His is a name that has appeared in this publication's pages hundreds of times — as an author and as a subject. It's a name that calls up notions of the Latino struggle for civil rights and the radical Chicano movement in Los Angeles.
It's also a name that initially made filmmaker Phillip Rodriguez groan when someone suggested the life behind the name as a subject for his next documentary.
The legacy of former Los Angeles Times reporter and columnist Ruben Salazar has reached folklore heights since the journalist's suspicious death in 1970 at age 42. And therein lies Rodriguez's point of contention.
"What I knew about the Salazar story was so completely uninteresting and sort of beat up," says the 54-year-old director, who was too young at the time of Salazar's pioneering work to know the man now shrouded in symbolism.
"It was just kind of Chicano mythos — this very flat image of Ruben as a martyr," Salazar continues. "But this was a man who was living and real. He wasn't an activist or a politician. He was a journalist doing his job. For me, it became about presenting something historical, not religious."
And so Rodriguez made "Ruben Salazar: Man in the Middle," a documentary airing Tuesday on PBS, with the aim of dimensionalizing the newsman.
The film debuts at an interesting time — coming on the heels of the recent theatrical release of a Cesar Chavez biopic, which drew some criticism for painting a portrait of the labor leader in hushed tones and reverence.
"My father was all about the facts," says Stephanie Salazar Cook, Ruben's daughter. "He'd be the first one trying to tear down the myth that surrounds his name. And so I hope people discover there's a man more interesting than his fame."
As one of the most prominent Latino journalists of his time, Salazar has been immortalized across Los Angeles and Southern California for his work documenting the era of Brown Berets and Vietnam protests. Murals have showcased his image. Exhibits have displayed his work. Parks and schools bear his name. Just last week it was Ruben Salazar Day in Los Angeles. He's also part of a select group of figures to be commemorated on a U.S. postage stamp.
But Salazar's prominence is rooted in the journalist's own recounting of the plight of being Latino in America. This is why Rodriguez made Salazar's words a key component in separating the man from the myth. Cook gave Rodriguez access to Salazar's personal journal, and those private writings are woven throughout the documentary, highlighting his internal battles with identity, his work and the world around him.
Born in the Mexican border town of Juárez but raised across the river in El Paso, Texas, Salazar grappled with the tension of cultural assimilation.
"The international bridge that connected Juarez and El Paso symbolized the division of my life," Salazar writes in a journal passage featured in the film. "No matter which way I crossed, I could not leave the other side behind."
Salazar began his work at The Times in 1959. For a time he held a coveted foreign correspondent spot, eventually becoming bureau chief in Mexico City. He was brought back to L.A. to cover the rising Chicano movement. But Salazar, wary of being pigeonholed, was vocal to his bosses about not wanting to cover the subject, as the film details.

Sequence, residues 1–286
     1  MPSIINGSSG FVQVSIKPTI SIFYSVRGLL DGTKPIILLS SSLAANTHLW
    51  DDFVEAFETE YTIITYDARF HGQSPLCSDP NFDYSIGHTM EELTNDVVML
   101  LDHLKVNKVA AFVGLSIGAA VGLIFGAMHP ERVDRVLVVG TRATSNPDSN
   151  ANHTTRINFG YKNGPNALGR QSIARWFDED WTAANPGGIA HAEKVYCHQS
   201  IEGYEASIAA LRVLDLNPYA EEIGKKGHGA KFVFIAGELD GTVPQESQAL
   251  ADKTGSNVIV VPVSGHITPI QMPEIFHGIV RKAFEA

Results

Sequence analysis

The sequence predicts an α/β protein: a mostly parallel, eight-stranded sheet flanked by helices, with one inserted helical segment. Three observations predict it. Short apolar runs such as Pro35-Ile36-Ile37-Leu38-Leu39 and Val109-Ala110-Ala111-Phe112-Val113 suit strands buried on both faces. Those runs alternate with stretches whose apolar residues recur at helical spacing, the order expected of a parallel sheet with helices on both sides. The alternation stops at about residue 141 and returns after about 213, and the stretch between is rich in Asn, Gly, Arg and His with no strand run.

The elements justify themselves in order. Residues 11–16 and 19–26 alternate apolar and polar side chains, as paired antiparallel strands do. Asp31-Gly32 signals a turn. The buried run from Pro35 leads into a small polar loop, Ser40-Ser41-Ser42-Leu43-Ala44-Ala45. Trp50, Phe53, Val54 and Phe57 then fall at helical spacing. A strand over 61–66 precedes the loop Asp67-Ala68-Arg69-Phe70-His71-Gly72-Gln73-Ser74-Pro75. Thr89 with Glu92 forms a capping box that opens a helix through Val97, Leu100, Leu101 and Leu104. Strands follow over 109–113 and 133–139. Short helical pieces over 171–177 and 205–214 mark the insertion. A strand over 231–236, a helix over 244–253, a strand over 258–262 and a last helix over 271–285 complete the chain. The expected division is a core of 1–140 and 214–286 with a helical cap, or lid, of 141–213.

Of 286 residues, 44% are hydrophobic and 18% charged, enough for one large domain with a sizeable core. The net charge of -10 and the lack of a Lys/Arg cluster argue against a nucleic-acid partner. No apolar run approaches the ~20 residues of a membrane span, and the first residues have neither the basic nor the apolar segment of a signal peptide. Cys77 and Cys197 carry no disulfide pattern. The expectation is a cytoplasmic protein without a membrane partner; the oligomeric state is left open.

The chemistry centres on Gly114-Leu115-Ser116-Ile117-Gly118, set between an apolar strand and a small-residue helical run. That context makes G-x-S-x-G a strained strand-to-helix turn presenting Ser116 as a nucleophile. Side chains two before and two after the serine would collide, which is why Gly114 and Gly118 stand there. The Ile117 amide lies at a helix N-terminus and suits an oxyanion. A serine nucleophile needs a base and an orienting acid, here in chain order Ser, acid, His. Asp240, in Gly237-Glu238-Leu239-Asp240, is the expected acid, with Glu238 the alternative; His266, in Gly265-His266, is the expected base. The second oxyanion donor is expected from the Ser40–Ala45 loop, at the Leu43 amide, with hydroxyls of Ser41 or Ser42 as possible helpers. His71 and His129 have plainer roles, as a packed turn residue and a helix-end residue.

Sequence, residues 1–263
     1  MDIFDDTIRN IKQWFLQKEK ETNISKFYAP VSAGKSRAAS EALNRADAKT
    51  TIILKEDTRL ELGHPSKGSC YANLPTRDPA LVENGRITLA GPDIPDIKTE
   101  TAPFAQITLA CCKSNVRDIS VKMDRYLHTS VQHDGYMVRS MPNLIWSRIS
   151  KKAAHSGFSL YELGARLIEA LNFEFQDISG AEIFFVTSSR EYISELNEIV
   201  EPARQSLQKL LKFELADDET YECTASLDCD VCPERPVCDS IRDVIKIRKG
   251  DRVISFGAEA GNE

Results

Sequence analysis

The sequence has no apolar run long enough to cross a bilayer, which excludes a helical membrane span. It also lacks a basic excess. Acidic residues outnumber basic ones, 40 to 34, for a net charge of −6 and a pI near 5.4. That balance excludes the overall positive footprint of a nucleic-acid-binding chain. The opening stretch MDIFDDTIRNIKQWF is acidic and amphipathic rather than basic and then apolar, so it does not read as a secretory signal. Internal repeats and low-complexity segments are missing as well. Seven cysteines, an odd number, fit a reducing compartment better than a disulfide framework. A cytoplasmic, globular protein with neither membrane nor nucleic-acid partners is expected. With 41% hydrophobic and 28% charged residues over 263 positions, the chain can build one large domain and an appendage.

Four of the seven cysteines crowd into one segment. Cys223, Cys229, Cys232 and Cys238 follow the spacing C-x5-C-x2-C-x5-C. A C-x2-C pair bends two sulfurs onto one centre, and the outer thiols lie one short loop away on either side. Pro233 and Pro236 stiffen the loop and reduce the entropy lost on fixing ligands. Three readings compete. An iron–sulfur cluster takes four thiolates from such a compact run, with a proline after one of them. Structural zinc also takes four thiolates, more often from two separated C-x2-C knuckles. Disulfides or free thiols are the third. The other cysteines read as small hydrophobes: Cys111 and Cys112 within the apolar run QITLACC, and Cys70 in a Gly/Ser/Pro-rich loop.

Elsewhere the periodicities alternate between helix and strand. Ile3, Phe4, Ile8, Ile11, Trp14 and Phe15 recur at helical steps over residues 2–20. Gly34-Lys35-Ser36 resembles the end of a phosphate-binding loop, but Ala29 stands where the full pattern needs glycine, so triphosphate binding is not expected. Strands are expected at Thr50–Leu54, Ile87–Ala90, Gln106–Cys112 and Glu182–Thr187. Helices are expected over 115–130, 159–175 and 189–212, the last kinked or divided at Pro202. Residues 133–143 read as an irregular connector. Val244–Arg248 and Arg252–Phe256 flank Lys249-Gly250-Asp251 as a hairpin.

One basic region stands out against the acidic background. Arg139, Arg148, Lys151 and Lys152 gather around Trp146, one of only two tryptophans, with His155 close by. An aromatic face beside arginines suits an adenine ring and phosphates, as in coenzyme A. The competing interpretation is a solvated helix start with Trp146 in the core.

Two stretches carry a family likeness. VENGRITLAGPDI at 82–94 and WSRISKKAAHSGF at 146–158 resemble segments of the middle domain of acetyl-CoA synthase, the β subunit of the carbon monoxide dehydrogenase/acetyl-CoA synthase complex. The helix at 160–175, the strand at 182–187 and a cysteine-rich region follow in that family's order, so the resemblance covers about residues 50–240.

"He didn't want to be viewed as 'The Mexican Guy,' " Rodriguez says. "He was middle-class. He was cosmopolitan. He lived in Orange County. He was almost like a Don Draper. Which is all weird because it doesn't conform to the Chicano narrative."
Yet it was his work documenting Latino struggles — from 1968 until his 1970 death — at The Times and later as news director for radio station KMEX that would raise his profile. And it was while covering a Chicano antiwar protest in East Los Angeles that Salazar met his death. He was sitting at a bar, taking refuge after rioting broke out, when a tear-gas canister was fired inside by a sheriff's deputy, hitting Salazar and killing him.
The debate over whether his death was accidental or part of a police conspiracy has endured. And a noteworthy inclusion in the film are the long-confidential L.A. Sheriff's Department files — autopsy photos, investigative details — on Salazar's death obtained after a fraught battle for their release with former Sheriff Lee Baca.
"Getting those files was the most challenging thing I've ever experienced," Rodriguez says. "But we needed them. We had to excavate the facts to go beyond the piety. All the sexy stuff — the story of Ruben's death — that information was entirely unavailable."
"Man in the Middle" also comes equipped with documentary staples, interviews from friends, family and former colleagues eager to keep Salazar's story going. Also incorporated throughout the film are memorabilia and writings dating back to his birth in Mexico. The personal archives, including the police files, are housed at the USC Libraries.
"The lesson it taught me is you never know when history is going to be made because it looks like the day-to-day," says Bill Drummond, a former Times reporter who was working the Saturday shift when the call came in about Salazar's death. "It's perfectly understandable that it would be examined and re-examined. And it will continue to be re-examined. The position of Latinos in California that was only hinted at in the '70s is now a profound reality. That's why we have to remember the past."
'Ruben Salazar: Man in the Middle — A Voces Special Presentation'
When: 9 p.m. Tuesday